Novel use of psychedelics for heart disease and mental health
There is an increasing interest from the medical and psychiatric fields in the properties of psychedelic drugs to treat mental and physical illness. Most recently, Simonsson et al (2021) explored the associations between lifetime classic psychedelic use and cardiometabolic diseases, with both heart disease and diabetes being leading contributors to the global burden of disease—and a leading cause of death in the Western world.
Simonsson et al (2021) acknowledged that pharmacological treatment, intensive lifestyle modification or both can delay or reverse the development of cardiometabolic diseases, but they noted that no study thus far has investigated the long-term cardiometabolic effects of classic psychedelics. They suggest that, if found to be beneficial, psychedelics could be used as a possible pharmacological treatment and as part of a programme to facilitate healthy lifestyle changes.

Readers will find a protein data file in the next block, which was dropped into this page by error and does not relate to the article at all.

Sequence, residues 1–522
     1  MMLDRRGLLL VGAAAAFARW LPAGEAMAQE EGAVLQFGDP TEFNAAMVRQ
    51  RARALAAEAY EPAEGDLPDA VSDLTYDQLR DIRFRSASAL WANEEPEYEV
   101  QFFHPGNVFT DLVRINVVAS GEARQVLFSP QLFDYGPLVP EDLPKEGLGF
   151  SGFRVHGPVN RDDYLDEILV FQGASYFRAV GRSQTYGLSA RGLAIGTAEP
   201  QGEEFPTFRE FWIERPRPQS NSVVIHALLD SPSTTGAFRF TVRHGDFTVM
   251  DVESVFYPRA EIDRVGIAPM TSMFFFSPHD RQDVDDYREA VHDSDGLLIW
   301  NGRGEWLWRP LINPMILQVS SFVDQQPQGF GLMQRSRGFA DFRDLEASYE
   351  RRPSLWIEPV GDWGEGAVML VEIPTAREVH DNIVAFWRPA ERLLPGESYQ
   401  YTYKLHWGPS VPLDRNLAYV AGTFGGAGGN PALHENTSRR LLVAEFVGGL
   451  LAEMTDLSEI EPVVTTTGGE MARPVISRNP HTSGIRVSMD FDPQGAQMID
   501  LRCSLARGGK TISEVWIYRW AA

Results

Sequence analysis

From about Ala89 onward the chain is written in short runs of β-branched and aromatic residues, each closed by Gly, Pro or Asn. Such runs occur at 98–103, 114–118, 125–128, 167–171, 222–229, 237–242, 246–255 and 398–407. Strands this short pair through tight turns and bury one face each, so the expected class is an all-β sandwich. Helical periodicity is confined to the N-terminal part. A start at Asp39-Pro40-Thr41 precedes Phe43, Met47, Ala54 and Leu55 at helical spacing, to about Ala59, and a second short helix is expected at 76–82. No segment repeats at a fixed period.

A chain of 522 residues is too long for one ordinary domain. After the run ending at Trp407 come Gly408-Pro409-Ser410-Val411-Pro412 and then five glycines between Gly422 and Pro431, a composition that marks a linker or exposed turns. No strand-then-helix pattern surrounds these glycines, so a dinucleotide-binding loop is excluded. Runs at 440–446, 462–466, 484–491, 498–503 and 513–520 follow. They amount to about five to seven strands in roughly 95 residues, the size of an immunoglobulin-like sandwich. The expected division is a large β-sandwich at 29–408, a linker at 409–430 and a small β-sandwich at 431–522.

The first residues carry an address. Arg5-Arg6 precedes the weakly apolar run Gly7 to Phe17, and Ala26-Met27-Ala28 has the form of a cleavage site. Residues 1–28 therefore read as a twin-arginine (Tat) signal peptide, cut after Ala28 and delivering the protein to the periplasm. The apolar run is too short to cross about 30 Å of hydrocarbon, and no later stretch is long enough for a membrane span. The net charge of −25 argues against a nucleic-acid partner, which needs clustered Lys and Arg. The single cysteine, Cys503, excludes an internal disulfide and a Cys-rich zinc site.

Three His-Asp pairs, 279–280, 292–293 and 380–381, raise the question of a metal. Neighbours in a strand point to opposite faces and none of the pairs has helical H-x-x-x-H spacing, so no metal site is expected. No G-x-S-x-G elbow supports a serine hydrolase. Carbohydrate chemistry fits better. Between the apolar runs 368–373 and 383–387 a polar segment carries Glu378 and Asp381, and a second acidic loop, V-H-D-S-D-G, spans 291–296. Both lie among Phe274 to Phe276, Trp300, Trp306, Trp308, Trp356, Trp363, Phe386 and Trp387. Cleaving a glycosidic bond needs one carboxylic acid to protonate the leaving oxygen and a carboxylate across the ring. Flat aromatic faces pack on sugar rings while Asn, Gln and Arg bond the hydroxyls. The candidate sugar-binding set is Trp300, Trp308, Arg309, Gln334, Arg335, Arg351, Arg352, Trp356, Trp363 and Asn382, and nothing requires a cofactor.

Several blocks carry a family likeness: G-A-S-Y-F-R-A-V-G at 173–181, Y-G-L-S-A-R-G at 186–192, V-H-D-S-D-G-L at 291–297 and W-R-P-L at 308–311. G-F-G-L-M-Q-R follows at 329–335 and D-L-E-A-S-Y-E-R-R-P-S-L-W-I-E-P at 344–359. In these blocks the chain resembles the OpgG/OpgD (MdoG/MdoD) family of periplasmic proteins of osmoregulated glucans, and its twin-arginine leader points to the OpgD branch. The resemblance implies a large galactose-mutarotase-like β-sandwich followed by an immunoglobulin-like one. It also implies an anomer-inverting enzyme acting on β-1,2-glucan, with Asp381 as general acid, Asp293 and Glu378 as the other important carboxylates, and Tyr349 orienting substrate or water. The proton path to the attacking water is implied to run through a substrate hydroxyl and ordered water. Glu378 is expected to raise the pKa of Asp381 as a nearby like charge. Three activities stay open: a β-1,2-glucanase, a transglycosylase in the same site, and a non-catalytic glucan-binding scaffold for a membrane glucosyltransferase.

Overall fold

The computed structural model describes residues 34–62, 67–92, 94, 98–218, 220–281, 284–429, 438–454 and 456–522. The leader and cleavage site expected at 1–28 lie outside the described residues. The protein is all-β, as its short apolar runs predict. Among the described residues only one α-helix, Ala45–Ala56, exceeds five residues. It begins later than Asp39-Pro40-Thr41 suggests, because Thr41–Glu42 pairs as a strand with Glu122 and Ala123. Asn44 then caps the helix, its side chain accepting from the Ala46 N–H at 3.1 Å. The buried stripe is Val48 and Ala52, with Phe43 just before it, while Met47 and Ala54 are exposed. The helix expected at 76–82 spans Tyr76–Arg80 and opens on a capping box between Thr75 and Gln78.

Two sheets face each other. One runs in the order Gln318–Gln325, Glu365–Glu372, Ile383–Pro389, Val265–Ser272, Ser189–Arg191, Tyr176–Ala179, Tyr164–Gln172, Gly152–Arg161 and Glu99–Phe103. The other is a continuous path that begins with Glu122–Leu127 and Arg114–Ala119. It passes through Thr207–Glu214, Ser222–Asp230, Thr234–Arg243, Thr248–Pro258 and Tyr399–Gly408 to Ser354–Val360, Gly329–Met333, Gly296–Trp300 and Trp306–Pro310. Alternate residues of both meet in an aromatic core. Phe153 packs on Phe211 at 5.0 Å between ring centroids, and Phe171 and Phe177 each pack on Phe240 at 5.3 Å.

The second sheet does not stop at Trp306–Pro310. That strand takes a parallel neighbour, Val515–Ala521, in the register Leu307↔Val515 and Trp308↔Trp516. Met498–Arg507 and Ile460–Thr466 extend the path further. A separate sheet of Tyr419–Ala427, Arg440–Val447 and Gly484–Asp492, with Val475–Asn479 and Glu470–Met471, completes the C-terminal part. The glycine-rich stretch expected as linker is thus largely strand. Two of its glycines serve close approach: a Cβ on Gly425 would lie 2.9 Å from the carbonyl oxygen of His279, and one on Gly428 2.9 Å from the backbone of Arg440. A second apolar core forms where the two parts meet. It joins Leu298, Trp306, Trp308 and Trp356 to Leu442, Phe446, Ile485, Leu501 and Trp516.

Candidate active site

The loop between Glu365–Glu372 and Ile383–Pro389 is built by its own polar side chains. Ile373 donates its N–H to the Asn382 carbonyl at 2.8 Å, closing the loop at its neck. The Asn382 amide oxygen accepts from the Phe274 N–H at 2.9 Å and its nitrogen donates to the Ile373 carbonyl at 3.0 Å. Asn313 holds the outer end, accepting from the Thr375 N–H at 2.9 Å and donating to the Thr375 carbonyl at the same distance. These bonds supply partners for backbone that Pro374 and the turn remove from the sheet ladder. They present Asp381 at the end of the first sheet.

The researchers described the evidence to date, suggesting that ‘classic psychedelics’ (psychoactive substances known to act as agonists primarily at serotonin 2A receptors) have a good risk profile and can be effective in the treatment of various mental health conditions. Yet, recent research indicates that classic psychedelics could show a beneficial effect for a range of physical conditions as well, such as heart disease and diabetes (Simonsson et al, 2021).
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